It holds a position wholly its own; and the considerations it suggests are most interesting in their nature. In enabling mechanism to combine together general symbols in successions of unlimited variety and extent, a uniting link is established between the operations of matter and the abstract mental processes of the most abstract branch of mathematical science. A new, a vast, and a powerful language is developed for the future use of analysis, in which to wield its truths so that these may become of more speedy and accurate practical application for the purposes of mankind than the means hitherto in our possession have rendered possible.

Thus not only the mental and the material, but the theoretical and the practical in the mathematical world, are brought into more intimate and effective connexion with each other. We are not aware of its being on record that anything partaking in the nature of what is so well designated the Analytical Engine has been hitherto proposed, or even thought of, as a practical possibility, any more than the idea of a thinking or of a reasoning machine.

We will touch on another point which constitutes an important distinction in the modes of operating of the Difference and Analytical Engines. In order to enable the former to do its business, it is necessary to put into its columns the series of numbers constituting the first terms of the several orders of differences for whatever is the particular table under consideration.

The machine then works upon these as its data. But these data must themselves have been already computed through a series of calculations by a human head. Therefore that engine can only produce results depending on data which have been arrived at by the explicit and actual working out of processes that are in their nature different from any that come within the sphere of its own powers. In other words, an analysing process must have been gone through by a human mind in order to obtain the data upon which the engine then synthetically builds its results.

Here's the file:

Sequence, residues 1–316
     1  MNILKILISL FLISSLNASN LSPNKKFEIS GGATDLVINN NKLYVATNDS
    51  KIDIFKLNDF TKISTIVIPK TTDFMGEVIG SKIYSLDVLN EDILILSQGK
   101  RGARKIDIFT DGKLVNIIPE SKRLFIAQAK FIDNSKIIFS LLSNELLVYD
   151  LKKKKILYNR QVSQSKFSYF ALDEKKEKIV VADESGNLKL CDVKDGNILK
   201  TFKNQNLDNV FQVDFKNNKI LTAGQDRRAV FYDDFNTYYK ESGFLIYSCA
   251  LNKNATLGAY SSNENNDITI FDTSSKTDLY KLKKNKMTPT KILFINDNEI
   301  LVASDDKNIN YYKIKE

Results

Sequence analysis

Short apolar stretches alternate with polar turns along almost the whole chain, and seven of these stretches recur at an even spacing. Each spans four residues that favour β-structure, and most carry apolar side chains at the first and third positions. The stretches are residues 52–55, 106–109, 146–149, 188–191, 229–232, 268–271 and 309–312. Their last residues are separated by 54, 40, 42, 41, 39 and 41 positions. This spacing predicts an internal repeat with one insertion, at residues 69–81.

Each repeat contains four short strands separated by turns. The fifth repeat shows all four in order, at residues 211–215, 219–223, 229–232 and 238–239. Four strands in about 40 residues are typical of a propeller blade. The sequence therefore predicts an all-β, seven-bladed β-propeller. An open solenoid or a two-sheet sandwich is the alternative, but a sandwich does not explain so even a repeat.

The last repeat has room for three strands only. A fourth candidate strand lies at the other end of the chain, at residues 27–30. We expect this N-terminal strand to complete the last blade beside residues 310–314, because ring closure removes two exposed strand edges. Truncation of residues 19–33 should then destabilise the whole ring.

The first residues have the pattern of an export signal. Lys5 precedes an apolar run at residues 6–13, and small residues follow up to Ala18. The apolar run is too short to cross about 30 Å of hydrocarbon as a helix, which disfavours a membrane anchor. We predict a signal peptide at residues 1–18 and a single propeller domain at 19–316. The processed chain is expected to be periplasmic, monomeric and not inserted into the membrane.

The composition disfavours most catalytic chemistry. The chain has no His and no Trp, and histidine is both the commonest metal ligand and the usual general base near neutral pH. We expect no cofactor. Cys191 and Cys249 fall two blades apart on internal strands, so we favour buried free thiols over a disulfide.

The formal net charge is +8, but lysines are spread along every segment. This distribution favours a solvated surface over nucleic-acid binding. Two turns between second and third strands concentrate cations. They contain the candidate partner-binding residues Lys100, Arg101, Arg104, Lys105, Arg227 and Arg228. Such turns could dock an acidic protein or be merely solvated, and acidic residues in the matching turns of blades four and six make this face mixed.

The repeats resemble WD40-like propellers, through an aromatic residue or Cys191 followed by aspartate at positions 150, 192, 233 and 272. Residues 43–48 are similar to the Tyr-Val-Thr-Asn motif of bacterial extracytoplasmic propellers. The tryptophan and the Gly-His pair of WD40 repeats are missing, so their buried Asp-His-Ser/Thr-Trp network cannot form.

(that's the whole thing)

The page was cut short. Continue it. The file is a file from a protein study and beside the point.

The Difference Engine is in its character exclusively synthetical, while the Analytical Engine is equally capable of analysis or of synthesis. These persons being likely to possess but little sympathy, or possibly acquaintance, with any branches of science which they do not find to be useful according to their definition of that word , may conceive that the undertaking of that engine, now that the other one is already in progress, would be a barren and unproductive laying out of yet more money and labour; in fact, a work of supererogation.

Even in the utilitarian aspect, however, we do not doubt that very valuable practical results would be developed by the extended faculties of the Analytical Engine; some of which results we think we could now hint at, had we the space; and others, which it may not yet be possible to foresee, put which would be brought forth by the daily increasing requirements of science, and by a more intimate practical acquaintance with the powers of the engine, were it in actual existence.

Universal Algebra

It is desirable to guard against the possibility of exaggerated ideas that might arise as to the powers of the Analytical Engine. In considering any new subject, there is frequently a tendency, first, to overrate what we find to be already interesting or remarkable; and, secondly, by a sort of natural reaction, to undervalue the true state of the case, when we do discover that our notions have surpassed those that were really tenable. The Analytical Engine has no pretensions whatever to originate anything.

It can do whatever we know how to order it to perform. It can follow analysis; but it has no power of anticipating any analytical relations or truths. Its province is to assist us in making available what we are already acquainted with. This it is calculated to effect primarily and chiefly of course, through its executive faculties; but it is likely to exert an indirect and reciprocal influence on science itself in another manner. For, in so distributing and combining the truths and the formulre of analysis, that they may become most easily and rapidly amenable to the mechanical combinations of the engine, the relations and the nature of many subjects in that science are necessarily thrown into new lights, and more profoundly investigated.